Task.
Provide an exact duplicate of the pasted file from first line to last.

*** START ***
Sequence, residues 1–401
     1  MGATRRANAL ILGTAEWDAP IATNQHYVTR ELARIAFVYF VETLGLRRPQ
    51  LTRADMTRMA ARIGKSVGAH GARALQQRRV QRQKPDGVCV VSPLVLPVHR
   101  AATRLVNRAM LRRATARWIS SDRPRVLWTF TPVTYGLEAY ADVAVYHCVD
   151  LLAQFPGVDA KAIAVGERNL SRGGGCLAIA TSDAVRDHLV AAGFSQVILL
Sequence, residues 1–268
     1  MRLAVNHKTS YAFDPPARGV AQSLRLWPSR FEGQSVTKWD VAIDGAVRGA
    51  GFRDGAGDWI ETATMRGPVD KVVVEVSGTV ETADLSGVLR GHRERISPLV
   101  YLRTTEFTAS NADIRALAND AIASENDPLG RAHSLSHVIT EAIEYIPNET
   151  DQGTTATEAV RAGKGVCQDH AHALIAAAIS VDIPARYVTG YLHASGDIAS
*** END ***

Sequence, residues 1–401
     1  MGATRRANAL ILGTAEWDAP IATNQHYVTR ELARIAFVYF VETLGLRRPQ
    51  LTRADMTRMA ARIGKSVGAH GARALQQRRV QRQKPDGVCV VSPLVLPVHR
   101  AATRLVNRAM LRRATARWIS SDRPRVLWTF TPVTYGLEAY ADVAVYHCVD
   151  LLAQFPGVDA KAIAVGERNL SRGGGCLAIA TSDAVRDHLV AAGFSQVILL
Sequence, residues 1–268
     1  MRLAVNHKTS YAFDPPARGV AQSLRLWPSR FEGQSVTKWD VAIDGAVRGA
    51  GFRDGAGDWI ETATMRGPVD KVVVEVSGTV ETADLSGVLR GHRERISPLV
   101  YLRTTEFTAS NADIRALAND AIASENDPLG RAHSLSHVIT EAIEYIPNET
   151  DQGTTATEAV RAGKGVCQDH AHALIAAAIS VDIPARYVTG YLHASGDIAS